Glenn Hughes Says He Shouldn’t Have Left Trapeze for Deep Purple
While the move offered him access to a new level of success, it also led to a two-decade battle with drug addiction, which he argued wouldn’t have happened if he had remained with his former group in his hometown of Cannock in the West Midlands of England.
“I’ve lost a lot of people in my life, but the man I’ve become because of it is really about letting go of expectations and resentment.,” Hughes told Guitar World in a recent interview. “I had so much attachment to things and people and places – and when you have to let go of them, it’s difficult. ... I’ll say this to you now: I really should never have left Trapeze. I should have stayed on that boat. That’s the way I feel these days – truly. Leaving Trapeze has been the torment of my life, but I had to let it go.”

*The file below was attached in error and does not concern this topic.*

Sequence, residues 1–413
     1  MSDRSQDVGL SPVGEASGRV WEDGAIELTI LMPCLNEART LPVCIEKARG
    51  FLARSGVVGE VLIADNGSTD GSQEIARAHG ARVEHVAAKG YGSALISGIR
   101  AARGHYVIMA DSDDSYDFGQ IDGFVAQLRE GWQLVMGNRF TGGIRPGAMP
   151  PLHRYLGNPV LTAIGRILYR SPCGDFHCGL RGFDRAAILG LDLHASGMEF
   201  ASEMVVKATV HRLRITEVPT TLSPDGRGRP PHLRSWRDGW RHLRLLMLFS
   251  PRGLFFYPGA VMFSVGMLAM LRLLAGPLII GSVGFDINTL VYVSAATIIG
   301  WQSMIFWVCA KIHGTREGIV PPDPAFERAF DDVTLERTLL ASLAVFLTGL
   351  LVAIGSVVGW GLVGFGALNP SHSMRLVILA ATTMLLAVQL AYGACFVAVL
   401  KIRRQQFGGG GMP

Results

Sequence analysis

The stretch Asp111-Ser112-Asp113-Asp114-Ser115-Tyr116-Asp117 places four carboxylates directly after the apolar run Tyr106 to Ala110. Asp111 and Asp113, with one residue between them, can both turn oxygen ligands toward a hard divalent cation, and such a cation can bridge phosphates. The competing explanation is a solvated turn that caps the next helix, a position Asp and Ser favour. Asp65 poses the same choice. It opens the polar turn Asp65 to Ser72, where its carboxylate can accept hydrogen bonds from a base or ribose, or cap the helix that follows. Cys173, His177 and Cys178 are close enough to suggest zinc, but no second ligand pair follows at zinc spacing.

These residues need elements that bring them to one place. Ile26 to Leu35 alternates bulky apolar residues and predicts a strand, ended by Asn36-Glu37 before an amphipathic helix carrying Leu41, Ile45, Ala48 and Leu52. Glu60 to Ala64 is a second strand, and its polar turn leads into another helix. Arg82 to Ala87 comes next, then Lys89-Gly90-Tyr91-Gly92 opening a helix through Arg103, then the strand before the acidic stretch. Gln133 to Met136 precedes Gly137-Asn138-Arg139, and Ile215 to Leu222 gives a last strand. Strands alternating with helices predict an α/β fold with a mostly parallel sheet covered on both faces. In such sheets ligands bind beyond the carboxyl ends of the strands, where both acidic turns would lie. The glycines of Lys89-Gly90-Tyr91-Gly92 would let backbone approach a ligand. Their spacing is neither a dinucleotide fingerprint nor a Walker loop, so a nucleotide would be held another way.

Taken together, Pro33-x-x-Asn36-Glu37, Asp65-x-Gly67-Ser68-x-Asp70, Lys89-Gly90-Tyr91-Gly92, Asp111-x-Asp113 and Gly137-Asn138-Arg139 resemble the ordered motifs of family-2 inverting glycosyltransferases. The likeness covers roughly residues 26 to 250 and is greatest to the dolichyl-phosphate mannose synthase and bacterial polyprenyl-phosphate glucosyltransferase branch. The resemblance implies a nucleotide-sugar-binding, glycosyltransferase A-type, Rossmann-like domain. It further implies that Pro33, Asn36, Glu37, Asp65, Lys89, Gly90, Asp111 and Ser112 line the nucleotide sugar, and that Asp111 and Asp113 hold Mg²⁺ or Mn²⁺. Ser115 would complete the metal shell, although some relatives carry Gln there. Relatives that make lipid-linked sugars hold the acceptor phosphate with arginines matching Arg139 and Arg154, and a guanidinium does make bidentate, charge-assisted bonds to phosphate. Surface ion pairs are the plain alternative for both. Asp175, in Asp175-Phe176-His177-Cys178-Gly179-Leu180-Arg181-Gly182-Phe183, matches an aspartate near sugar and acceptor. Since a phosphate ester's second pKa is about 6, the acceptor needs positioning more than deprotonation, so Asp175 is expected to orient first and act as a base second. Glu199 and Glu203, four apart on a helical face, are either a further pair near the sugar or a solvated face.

Asked if he might have avoided his addiction issues if he’d stayed, he replied: “I really hope so. … It might have caught up with me later, but I only ever drank the odd half-pint of cider when I was 18 or 19 – I never craved the devil’s dandruff. When cocaine popped up in America in 1971, I just didn’t want it. If I’d stayed in Cannock all my life, I would probably never have found it – so I don’t know the answer.”
With a career that includes stints with Black Sabbath, Black Country Communion and currently the Dead Daisies, Hughes was clear about one of the best moments of his life. “I’m most proud of getting clean and sober,” he noted. “I’m 23 years sober now, I’m happy to tell you. If I hadn’t done that on Nov. 23, 1997, I’d be dead. That’s when the light went on.”
Despite his regrets, "what a life I’ve had," he said. "All these years later, at the age of 69, I can do this – because I work the spiritual lifestyle. It’s really saved my life.”